Why one in ten startups fail

by Laurie Heller

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Dear Startups,

We love you. Your drive, your ideas, your passion, your risk-taking abilities, your visionary founders. We love how you can create something from nothing. And often light up a room when you speak. We love coming into your organizations and feeding off your energy.

Inevitably though, there will come a time when you’ll start to hear differences in opinion on what you should do vs what you shouldn’t. You’ll get pressure from your teams, consultants, the competitive landscape and , and from potential or current investors. It will often be overwhelming and sometimes all too-convincing.

Our advice: It’s OK to pivot. It’s OK to evolve. But it’s not OK to change your strategy every quarter at the whim of one person’s opinion. That has more ripple effects than you realize - from an organizational standpoint to employee morale. And then there are the financial ramifications. It’s all about a balancing act.

Now here’s the thing you’d be surprised about. One in 10 startups fail because they ignore their customers.

Don’t be these guys:

“We spent way too much time building [our product] for ourselves and not getting feedback from prospects — it’s easy to get tunnel vision. I’d recommend not going more than two or three months from the initial start to getting in the hands of prospects that are truly objective.”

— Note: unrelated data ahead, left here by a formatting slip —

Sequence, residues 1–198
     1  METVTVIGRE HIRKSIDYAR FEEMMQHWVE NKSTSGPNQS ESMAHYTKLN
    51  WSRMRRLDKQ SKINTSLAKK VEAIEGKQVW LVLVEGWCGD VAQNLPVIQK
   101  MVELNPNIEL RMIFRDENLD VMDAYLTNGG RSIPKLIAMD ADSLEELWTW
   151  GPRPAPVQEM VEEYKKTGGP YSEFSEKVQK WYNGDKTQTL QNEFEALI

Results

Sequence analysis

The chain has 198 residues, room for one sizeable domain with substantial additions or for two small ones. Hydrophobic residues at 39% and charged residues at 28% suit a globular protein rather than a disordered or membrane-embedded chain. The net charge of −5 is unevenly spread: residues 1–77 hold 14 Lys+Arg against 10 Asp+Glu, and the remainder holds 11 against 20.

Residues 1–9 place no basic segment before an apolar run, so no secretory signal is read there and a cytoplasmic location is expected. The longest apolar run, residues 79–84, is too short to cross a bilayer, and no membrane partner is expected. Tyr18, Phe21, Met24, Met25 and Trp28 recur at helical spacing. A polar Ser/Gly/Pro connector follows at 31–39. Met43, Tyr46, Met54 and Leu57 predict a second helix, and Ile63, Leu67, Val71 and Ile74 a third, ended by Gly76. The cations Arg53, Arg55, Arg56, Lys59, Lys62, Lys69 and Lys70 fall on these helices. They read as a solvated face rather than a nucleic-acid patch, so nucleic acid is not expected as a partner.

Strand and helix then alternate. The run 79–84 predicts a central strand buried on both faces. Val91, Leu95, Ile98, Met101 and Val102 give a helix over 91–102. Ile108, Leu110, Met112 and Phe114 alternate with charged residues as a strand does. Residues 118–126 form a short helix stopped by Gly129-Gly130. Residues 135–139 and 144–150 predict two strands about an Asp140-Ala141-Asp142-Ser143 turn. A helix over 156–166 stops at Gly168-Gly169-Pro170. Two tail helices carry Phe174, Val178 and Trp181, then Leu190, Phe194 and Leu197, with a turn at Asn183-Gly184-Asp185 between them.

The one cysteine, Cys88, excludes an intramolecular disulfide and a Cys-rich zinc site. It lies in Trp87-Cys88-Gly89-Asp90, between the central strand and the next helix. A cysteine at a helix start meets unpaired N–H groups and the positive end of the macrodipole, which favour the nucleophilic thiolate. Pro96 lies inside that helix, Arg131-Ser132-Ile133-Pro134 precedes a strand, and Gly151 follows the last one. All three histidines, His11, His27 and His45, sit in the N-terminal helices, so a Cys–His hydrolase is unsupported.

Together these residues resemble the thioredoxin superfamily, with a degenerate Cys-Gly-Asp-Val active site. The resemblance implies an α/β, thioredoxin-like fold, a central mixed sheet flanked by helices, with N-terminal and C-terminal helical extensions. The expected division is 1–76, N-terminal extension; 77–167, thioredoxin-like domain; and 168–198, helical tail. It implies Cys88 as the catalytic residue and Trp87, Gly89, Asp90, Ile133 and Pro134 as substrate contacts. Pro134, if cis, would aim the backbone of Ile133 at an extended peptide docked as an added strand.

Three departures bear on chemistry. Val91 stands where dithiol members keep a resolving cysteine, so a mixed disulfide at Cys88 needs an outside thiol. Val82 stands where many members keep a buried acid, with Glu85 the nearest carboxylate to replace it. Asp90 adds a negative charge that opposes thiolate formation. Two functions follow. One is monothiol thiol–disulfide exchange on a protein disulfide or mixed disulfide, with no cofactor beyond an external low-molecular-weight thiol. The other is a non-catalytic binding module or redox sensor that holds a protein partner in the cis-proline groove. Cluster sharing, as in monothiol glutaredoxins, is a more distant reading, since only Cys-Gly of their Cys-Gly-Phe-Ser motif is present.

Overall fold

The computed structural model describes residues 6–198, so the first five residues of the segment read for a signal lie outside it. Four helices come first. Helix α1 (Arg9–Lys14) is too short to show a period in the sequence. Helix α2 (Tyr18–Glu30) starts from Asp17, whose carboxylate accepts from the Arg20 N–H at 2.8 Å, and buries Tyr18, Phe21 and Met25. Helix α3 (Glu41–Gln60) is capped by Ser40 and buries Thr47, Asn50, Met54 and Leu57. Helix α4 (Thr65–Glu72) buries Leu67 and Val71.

“We didn’t spend enough time talking with customers and were rolling out features that I thought were great, but we didn’t gather enough input from clients. We didn’t realize it until it was too late. It’s easy to get tricked into thinking your thing is cool. You have to pay attention to your customers and adapt to their needs.” (CBInsights, Nov 2019)

Being customer-obsessed isn’t just a buzzword.
It takes a lot of work to really understand who your valued customers are - and what about your product or service they are and/or aren’t happy with and why. Every disgruntled and happy customer is an opportunity. Feedback is a gift. Oftentimes, instead of repositioning yourself, changing your target audience or chasing the latest trend, what you’d be better served doing is paying attention to what you’re not doing well and getting the customer feedback on what would make it better.

If you’re not developing your product roadmap and/or company strategy aligned to your customer needs- none of the noise will ultimately matter. And if your product doesn’t pay off on its promise, the greatest marketing in the world won’t fix it.

The takeaway here: your customer relationships matter just as much as your marketing budget.

Start with client advisory boards. Capture feedback from your customer success managers. Have a place internally where you share feedback and have a plan to act on it. Make sure that feedback is shared across your organization. Invite a mix of customers (happy and unhappy) to beta new products and give them a voice. There are likely hidden jewels there to help you with positioning, marketing messaging, content ideas and ways to improve. If you do the one thing that’s hard for most of us, listen.


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